Review: Mental Illness and Well-Being

The paper reviewed here is ‘Mental Illness and Well-Being: The Central Importance of Positive Psychology and Recovery Approaches’ by Mike Slade and freely available at the BMC Health Services Research site here.  In the abstract, Slade writes that

A new evidence base is emerging, which focuses on well-being. This makes it possible for health services to orientate around promoting well-being as well as treating illness, and so to make a reality of the long-standing rhetoric that health is more than the absence of illness….If health services are to give primacy to increasing well-being, rather than to treating illness, then health workers need new approaches to working with individuals

In the 54-page PDF article, Slade begins by discussing the concept of the deficit model of illness and by noting the partial dissociation of mental health and  mental illness implying that the two may require separate approaches. He then looks at recovery – a big topic. He outlines a number of taxonomies – service based recovery, service based user recovery, clinical and social recovery while emphasising the essence of recovery as a continuous and personal process. As a result of this he challenges the use of traditional methods used in management of illness including the care pathway (although I would argue that a more ‘dynamic’ type of pathway would make it possible).

Next he turns to positive psychology. Here he gives the reader a broad overview of the subject and writes about the dimensions that have been used in defining in well-being. He writes about the use of a framework for mental wellbeing which uses the concepts of flourishing, struggling, languishing and floundering and the prevalence of these different states of well-being in the population.  He also describes Seligman’s four types of good life and the subsequent importance of ‘flow’ in lifestyle and that

Feeling good is not always necessary for a good life

He also describes how goal-setting and goal-striving can be structured within services. What I was particularly intrigued by was the concept that mental illness and mental wellbeing could be addressed both independently and simultaneously.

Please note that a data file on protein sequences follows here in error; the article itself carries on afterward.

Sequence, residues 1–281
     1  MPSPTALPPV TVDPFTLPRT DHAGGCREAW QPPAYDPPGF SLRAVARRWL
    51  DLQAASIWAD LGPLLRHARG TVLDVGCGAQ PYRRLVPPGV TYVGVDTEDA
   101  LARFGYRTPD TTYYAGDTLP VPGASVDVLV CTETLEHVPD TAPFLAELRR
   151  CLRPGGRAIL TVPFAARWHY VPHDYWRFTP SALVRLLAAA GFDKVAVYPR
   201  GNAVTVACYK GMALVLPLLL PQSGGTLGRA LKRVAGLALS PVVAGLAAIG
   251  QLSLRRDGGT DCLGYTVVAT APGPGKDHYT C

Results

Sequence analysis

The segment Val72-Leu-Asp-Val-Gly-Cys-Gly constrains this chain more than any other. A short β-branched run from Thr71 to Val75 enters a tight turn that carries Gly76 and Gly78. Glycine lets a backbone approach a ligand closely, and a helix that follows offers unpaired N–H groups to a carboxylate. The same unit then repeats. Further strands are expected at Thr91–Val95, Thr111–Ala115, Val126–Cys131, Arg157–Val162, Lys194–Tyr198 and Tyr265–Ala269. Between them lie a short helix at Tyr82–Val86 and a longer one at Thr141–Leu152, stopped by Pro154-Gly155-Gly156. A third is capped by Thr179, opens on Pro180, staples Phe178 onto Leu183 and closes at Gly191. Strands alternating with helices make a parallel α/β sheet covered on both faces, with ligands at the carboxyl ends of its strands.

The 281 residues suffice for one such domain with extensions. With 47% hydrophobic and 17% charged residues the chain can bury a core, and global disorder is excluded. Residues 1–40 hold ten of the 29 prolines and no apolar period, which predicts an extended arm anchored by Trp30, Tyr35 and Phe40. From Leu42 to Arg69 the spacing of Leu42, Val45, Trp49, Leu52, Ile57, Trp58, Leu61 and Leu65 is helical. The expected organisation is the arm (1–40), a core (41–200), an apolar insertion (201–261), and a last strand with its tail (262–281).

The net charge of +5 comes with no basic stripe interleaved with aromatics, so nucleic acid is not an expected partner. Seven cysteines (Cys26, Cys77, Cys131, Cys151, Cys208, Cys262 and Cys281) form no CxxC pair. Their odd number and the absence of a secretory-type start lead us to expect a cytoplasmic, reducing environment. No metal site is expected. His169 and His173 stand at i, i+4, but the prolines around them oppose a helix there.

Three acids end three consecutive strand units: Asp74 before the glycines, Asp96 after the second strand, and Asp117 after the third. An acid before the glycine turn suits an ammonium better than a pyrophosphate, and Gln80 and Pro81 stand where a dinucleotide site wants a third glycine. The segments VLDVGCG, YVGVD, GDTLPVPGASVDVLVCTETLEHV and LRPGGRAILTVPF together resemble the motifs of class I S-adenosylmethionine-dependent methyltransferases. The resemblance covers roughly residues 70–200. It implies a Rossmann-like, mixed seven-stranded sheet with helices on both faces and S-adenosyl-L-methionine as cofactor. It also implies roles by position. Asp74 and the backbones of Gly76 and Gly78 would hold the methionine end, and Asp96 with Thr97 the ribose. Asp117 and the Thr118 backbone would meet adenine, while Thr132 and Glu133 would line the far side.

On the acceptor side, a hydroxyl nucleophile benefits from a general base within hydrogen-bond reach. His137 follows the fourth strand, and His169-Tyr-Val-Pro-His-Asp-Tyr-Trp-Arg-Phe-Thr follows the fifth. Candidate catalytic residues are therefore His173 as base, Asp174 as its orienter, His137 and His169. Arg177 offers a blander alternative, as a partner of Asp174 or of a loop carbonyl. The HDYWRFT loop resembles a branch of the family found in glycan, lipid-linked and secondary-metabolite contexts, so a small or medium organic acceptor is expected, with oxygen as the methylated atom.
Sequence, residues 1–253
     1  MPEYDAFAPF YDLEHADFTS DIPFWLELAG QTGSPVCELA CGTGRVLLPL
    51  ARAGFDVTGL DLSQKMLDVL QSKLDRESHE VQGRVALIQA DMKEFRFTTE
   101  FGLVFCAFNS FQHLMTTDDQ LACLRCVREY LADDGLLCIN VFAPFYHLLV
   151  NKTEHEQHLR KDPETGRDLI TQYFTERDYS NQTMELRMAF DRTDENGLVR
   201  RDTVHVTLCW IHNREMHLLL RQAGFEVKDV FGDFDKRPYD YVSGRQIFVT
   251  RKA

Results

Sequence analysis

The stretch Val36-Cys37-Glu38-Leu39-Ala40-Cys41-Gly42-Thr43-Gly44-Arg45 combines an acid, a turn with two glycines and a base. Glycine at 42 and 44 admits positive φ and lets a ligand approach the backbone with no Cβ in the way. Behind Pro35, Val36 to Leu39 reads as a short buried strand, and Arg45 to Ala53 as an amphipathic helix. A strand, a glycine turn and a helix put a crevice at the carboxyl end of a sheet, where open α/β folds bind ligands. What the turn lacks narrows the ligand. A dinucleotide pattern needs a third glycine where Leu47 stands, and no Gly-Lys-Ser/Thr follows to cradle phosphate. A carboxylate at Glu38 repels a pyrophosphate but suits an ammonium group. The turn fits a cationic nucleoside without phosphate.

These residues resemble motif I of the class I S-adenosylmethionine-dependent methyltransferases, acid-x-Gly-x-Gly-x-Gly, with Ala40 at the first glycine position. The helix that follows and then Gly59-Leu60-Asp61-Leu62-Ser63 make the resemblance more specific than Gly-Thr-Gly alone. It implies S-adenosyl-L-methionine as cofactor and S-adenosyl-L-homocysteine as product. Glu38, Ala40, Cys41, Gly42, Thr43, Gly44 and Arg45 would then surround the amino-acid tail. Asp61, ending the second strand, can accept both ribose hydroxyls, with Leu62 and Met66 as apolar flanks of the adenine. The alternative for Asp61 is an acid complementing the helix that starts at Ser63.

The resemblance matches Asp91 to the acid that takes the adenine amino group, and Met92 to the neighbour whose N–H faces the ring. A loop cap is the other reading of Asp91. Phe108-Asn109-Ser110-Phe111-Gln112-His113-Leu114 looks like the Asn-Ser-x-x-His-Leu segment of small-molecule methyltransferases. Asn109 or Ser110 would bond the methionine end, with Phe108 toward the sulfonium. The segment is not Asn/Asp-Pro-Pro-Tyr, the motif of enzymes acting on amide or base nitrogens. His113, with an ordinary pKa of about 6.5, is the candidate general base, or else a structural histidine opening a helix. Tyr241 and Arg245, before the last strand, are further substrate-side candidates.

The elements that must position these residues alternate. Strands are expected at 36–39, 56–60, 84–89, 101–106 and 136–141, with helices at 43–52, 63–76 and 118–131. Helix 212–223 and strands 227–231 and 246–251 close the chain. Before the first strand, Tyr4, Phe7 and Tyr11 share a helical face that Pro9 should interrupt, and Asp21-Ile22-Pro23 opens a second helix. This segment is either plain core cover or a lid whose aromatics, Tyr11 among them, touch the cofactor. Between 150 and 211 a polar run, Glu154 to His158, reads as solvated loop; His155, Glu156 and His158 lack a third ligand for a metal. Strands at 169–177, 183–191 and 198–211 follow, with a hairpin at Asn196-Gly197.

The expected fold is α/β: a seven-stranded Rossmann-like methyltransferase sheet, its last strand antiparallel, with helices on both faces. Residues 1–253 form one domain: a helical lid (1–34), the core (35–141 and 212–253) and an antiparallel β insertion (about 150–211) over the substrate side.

Slade goes on to draw parallels between the recovery and positive psychology movements. From his description it sounds like a top-down versus bottom-up approach with the recovery movement also having more influence as a result of the approach used. He goes on to ask how this should impact on healthcare services and notes that the assessment process can be modified to incorporate an assesment of characteristics important for well-being. He also considers interventions including CBT, mindfulness-based therapy, narrative therapy and positive psychotherapy.

The last section on societal implications is very interesting and I would recommend a close reading of this section. Here is just one of the interesting insights from this section

This opens up innovative environmental approaches to fostering well-being, like the simple act of closing most points of entry to a housing estate which led to an increased sense of community and a 25% reduction in mental illness rates

In conclusion, I thought Slade’s article was extremely interesting, rich in content and filled with evidence-based approaches that have the potential to have significant benefits for society. These approaches may well cause a re-evaluation of the ways in which healthcare are delivered and a recognition of this emerging movement which complements the management of illness is essential for a better understanding of the delivery of healthcare in the 21st century.


Slade M. Mental Illness and Well-Being: The Central Importance of Positive Psychology and Recovery Approaches. BMC Health Services Research. 2010. 10:26.


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The comments made here represent the opinions of the author and do not represent the profession or any body/organisation. The comments made here are not meant as a source of medical advice and those seeking medical advice are advised to consult with their own doctor. The author is not responsible for the contents of any external sites that are linked to in this blog.


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